Perspective from a Seasoned Veteran
By SAM THOMPSON
I’ve been there and done it all. In a couple of weeks I will be completing my undergraduate studies at Minnesota State University, Mankato.
Though the senior slump has set in for me and my senior counterparts, there is still work to be done before the conclusion of the semester. I wanted to hand down my experiences to you on how to finish the semester strong like a torn hand-me-down shirt from your older sibling…
1. START NOW
Don’t wait until the week before finals to begin that 20-page research paper or start studying for that test worth 33 percent of your grade. It’s just not worth it, and quite frankly, it AIN’T cool. Start the process of studying and researching now. This doesn’t mean you have to do it all at once, but make a dent now compared to later.
I have found that if I work incrementally on my large assignments, I become more productive, have a higher quality of work and have less stress in my life once I am done. Give it a try. Start the process now and continue to work on it day-by-day instead of the night before. You will have more free time to enjoy you favorite activities and will have less stress coming up to finals week.
2. SAY HI
If you haven’t introduced yourself to your teacher yet this far into the semester or haven’t gone into his or her office to ask a question, go now. It doesn’t matter if it’s an obvious (stupid) question, the fact that you are going to an instructor’s office to advance your understanding of the course is huge.
Teachers greatly appreciate a student who makes the effort to come in to ask questions or seek help on an assignment. It shows your commitment to absorbing and understanding the knowledge they offered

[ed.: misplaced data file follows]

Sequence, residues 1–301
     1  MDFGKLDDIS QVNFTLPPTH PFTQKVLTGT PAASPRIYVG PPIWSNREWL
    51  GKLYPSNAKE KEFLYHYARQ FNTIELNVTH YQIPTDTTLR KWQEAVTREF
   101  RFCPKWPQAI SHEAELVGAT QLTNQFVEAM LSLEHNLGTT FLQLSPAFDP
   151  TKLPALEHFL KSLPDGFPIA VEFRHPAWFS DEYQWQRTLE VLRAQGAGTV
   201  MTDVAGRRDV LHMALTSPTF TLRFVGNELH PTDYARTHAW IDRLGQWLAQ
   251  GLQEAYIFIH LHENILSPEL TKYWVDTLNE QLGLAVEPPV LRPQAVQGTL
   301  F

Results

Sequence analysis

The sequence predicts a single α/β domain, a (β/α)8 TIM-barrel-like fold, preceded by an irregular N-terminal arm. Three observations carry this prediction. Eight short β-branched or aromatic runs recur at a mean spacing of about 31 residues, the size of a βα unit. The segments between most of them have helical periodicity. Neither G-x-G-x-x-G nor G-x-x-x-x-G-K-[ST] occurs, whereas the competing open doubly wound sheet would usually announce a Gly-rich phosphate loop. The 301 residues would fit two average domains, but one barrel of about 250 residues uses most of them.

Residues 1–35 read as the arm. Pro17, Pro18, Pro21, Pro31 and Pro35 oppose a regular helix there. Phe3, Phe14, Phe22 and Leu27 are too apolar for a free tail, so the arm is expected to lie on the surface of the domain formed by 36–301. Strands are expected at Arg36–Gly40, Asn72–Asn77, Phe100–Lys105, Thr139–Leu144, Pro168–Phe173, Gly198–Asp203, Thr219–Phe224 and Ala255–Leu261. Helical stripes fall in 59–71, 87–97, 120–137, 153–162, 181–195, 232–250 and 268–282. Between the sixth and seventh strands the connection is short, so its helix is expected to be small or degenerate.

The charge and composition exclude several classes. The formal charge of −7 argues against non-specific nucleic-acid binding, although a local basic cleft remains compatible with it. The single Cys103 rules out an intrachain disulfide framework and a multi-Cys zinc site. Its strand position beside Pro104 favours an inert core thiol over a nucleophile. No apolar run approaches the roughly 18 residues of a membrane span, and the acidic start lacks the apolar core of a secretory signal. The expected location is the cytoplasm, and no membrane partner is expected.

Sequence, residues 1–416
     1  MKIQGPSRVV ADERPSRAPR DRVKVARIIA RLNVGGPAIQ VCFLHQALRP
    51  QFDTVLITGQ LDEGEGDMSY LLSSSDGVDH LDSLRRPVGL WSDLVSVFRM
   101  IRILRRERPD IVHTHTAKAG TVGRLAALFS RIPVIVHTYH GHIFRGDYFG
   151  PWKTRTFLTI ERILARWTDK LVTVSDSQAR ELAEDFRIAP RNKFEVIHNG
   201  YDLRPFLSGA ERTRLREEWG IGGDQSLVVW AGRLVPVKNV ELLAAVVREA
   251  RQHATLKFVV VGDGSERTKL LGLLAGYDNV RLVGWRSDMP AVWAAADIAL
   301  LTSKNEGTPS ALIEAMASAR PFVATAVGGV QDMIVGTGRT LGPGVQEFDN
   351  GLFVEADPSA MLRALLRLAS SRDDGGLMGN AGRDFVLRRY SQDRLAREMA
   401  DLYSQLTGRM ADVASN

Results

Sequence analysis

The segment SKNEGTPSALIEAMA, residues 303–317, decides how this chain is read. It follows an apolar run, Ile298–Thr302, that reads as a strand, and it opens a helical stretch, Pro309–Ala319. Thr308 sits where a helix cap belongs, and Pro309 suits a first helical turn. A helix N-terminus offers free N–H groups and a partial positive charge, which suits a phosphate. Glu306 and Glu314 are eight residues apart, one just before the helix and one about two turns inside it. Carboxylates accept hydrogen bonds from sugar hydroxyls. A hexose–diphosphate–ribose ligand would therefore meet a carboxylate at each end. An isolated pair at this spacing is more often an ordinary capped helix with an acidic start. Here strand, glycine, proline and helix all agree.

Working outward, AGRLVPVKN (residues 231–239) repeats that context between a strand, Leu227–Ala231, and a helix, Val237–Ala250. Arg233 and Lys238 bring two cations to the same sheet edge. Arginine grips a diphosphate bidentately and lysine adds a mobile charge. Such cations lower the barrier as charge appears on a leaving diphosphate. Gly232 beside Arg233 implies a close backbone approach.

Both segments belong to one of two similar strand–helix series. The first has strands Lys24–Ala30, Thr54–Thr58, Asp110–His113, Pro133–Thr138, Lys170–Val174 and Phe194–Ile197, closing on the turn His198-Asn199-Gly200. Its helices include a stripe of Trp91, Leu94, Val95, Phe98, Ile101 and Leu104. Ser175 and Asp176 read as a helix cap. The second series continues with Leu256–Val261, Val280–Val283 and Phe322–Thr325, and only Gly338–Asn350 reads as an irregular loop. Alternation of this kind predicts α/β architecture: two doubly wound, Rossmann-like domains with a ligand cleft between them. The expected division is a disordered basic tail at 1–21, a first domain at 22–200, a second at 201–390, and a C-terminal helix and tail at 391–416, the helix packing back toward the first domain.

Another reason it is beneficial to stop by and say hi is that it gives them a face and a name to remember. You aren’t the most important person in their world (sorry to break the news to you). By making a concerted effort to go in multiple times to just say hi or to ask for help, you form a relationship. I have done this with every instructor I have had since I was freshman.
As my senior year is coming to an end, I am seeing the rewards. By working to be more than just a face in the crowd , I have received great letters of recommendations from teachers, a grade boost if I’m on the edge and a lifelong relationship with some brilliant individuals.
3. THE WISE ORGANIZE
Frequently it feels as if all your teachers have collaborated to stockpile big projects and tests towards the end of the semester. OK, so life’s not always fair. This is where organization becomes key in successfully dominating the end of the semester.
With all of these assignments being due around the same time, you need to organize your notes, work and time accordingly.
Most important of these three is time. We all have a calendar on our phone or computer, so use it. Set aside time each night of the week, time permitting, to tackle assignments.
This not only helps you visually realize the time restraints you have in completing your assignment, but it is also a vehicle to keep you accountable in doing your school work.